An old, aspirin-like drug called salsalate could help control blood sugar in people with type 2 diabetes. In the TINSAL-T2D trial, 286 volunteers took pills containing either salsalate or a placebo for nearly a year. Over the course of the trial, those in the salsalate group had lower blood sugar levels, and some were even able to reduce dosages of other diabetes medications they were taking. Experts aren’t exactly sure how salsalate helps control blood sugar, but its effectiveness supports the idea that inflammation plays a role in type 2 diabetes. Although the results are promising, what we really need to know about salsalate (or any new or repurposed drug) is how its long-term benefits and risks stack up against each other. The trial was too small and too short to determine those risks. According to the researchers, such “outcomes require continued evaluation before salsalate can be recommended for widespread use” by people with type 2 diabetes.
Long-awaited results from a nearly 10-year trial exploring the effect of changes in diet and exercise among people with diabetes weren’t what most people expected. The Look AHEAD trial found that intensive efforts to lose weight by eating less and exercising more didn’t provide any more protection against heart disease—a common co-traveler with diabetes—than standard diabetes support and education. The spin from some media reports is that weight loss doesn’t reduce heart disease risk among people with type 2 diabetes, but I think that’s the wrong interpretation. The results of the Look AHEAD trial don’t contradict the value of lifestyle changes. People in the intensive change group improved their blood sugar with fewer drugs, saving an estimated $600 per year, they were also less likely to have developed chronic kidney disease and less self-reported vision problems. The Look AHEAD results reinforce for me that diabetes care needs to be tailored to the individual.
City dwellers often think of rural America as a throwback to past “good old days.” But when it comes to obesity and diabetes, people living outside urban areas offer a frightening glimpse of the future. While more than 8% of Americans now have diabetes, in some rural counties 20% of the residents have diabetes. Those counties also tend to have high rates of obesity. Barriers to healthy living contribute to both obesity and diabetes. So does lack of primary care physicians. One answer may be greater reliance on community health workers—lay people trained to provide diabetes education and outreach. In Birmingham, Alabama, the Cities for Life program has doctors refer people with diabetes to “patient navigators” who help them find local resources such as nearby exercise classes or mobile farmers’ markets.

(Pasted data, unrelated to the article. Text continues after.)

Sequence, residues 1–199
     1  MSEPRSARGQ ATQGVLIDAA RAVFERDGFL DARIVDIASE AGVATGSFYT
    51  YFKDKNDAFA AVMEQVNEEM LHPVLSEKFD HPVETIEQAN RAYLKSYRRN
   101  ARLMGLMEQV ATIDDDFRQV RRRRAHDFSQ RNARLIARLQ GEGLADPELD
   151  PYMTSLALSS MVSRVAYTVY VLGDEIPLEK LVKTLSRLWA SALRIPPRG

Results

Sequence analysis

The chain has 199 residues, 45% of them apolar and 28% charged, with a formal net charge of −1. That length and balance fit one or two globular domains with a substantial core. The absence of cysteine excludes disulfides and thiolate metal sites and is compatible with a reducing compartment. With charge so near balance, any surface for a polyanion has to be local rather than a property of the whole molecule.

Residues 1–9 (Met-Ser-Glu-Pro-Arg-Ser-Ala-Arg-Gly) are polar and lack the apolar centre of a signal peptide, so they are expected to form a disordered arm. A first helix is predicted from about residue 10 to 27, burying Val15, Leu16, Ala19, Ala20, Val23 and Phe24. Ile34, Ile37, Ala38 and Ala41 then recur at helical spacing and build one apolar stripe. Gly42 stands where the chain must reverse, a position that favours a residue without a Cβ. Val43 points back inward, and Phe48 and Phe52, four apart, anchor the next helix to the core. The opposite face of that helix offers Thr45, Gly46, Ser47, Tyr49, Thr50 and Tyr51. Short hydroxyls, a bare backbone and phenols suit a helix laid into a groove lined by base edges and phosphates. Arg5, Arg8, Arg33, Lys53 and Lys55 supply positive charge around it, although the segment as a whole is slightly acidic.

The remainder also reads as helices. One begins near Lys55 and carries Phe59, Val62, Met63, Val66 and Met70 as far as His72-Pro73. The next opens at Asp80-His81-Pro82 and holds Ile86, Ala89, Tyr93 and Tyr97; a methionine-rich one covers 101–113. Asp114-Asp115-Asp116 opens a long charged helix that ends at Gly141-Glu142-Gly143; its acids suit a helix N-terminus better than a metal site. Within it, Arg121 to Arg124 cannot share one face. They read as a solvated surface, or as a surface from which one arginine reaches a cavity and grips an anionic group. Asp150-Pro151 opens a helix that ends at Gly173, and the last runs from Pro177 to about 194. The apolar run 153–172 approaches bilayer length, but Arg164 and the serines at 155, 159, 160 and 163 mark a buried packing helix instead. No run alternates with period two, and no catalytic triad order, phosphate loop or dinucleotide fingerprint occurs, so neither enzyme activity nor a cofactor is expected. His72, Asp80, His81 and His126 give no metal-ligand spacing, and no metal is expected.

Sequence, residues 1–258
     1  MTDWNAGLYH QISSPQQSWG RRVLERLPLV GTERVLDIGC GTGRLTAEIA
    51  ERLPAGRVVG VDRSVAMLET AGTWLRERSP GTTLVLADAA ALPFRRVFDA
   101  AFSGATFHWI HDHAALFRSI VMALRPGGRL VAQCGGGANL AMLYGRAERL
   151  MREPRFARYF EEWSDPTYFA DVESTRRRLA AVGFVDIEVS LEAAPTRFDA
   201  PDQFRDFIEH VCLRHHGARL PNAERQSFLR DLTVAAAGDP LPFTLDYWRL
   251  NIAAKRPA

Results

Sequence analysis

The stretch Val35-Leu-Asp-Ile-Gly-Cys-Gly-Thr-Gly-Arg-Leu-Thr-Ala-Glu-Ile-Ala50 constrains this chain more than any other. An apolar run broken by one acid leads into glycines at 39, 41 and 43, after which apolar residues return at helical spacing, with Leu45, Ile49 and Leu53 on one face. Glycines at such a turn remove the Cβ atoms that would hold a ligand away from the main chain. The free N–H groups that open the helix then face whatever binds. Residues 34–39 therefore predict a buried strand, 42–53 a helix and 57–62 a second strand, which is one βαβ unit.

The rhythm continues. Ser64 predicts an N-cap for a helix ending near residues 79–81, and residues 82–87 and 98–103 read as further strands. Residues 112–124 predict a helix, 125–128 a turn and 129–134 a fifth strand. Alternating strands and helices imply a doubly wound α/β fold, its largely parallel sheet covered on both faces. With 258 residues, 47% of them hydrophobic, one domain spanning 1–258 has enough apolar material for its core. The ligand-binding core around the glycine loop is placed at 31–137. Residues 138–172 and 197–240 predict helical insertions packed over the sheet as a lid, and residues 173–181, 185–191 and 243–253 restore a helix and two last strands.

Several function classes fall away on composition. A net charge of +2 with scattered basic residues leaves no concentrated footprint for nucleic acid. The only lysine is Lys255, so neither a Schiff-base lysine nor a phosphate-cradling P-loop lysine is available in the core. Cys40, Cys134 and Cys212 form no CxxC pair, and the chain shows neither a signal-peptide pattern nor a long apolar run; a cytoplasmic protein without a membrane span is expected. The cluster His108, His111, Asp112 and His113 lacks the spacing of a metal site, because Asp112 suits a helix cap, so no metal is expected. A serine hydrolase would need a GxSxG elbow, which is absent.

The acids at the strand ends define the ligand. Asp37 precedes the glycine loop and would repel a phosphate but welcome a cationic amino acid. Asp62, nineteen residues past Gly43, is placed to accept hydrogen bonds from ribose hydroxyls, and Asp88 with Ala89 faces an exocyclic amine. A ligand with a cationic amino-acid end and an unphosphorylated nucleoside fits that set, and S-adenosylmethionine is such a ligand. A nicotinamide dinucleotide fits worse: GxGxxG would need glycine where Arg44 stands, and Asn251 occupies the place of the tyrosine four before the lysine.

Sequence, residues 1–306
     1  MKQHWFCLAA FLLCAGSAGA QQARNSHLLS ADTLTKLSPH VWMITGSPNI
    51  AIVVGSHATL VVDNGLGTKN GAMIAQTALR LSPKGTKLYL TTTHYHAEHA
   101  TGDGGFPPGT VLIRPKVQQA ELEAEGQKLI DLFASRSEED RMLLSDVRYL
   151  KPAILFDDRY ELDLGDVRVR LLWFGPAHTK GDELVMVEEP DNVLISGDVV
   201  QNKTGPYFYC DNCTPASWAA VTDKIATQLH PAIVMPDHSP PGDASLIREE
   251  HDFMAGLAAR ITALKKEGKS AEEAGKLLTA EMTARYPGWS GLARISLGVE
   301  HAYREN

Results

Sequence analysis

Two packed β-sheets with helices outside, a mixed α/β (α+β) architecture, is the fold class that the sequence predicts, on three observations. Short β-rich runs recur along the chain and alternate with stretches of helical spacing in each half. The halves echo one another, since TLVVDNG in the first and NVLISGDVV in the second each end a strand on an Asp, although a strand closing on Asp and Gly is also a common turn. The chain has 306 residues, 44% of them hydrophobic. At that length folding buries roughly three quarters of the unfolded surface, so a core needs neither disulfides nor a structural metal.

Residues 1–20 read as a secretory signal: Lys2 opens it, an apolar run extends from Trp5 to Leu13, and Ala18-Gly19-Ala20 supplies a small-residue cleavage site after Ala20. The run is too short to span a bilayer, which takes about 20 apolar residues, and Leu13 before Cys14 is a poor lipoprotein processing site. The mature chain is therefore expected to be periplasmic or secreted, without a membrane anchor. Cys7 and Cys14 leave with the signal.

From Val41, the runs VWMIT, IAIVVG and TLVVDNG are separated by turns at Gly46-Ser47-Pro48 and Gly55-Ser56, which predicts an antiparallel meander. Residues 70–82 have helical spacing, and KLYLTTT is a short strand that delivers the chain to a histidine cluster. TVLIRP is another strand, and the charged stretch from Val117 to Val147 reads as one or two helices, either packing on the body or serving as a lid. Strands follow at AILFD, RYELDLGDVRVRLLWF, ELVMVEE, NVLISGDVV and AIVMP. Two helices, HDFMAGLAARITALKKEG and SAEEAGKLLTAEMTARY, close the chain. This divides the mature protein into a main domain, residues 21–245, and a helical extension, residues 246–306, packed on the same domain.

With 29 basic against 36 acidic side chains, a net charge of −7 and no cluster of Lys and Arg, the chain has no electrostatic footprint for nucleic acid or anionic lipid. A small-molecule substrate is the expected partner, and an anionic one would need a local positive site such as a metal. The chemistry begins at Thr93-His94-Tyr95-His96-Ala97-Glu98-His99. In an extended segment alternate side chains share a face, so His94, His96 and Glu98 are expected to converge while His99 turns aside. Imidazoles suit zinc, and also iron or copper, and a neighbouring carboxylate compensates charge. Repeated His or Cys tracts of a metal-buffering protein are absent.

A lot is known about diabetes. But a discovery that could change how this disease is treated shows just how much more there is to learn. A team of Harvard Medical School researchers has discovered a hormone called betatrophin made by liver and fat cells that signals the body to make more insulin-producing beta cells. A report of their work appears in this month’s issue of the prestigious scientific journal Cell. In mice with diabetes, experimentally turning on the production of betatrophin inside liver and fat cells caused an increase in beta cells and a dramatic improvement in blood sugar. It will, of course, take much more research in mice—and then in humans—to determine if this newly discovered hormone can serve as a treatment for diabetes. So it’s too soon to get excited that the discovery of betatrophin will translate directly into a new treatment for diabetes. But it is another example of the human body’s power to naturally repair itself.
Type 2 diabetes doesn’t usually appear all of a sudden. Many people have a long, slow, invisible lead-in to it called prediabetes. During this period, blood sugar levels are higher than normal. However, they’re not high enough to cause symptoms or to be classified as diabetes. It’s still possible at this stage to prevent the slide into full-blown diabetes. Think of prediabetes as a wake-up call. Unfortunately, few people ever hear the alarm. A new report from the Centers for Disease Control and Prevention shows that among Americans age 20 and older, only 10% of those with prediabetes know they have it. Given that as many as 73 million Americans have prediabetes, that’s a lot of missed opportunities to prevent the ravages of diabetes. One reason many people don’t know that they may be headed toward diabetes is they’ve never had their blood sugar tested. This simple test isn’t part of routine preventive care, but perhaps it should be.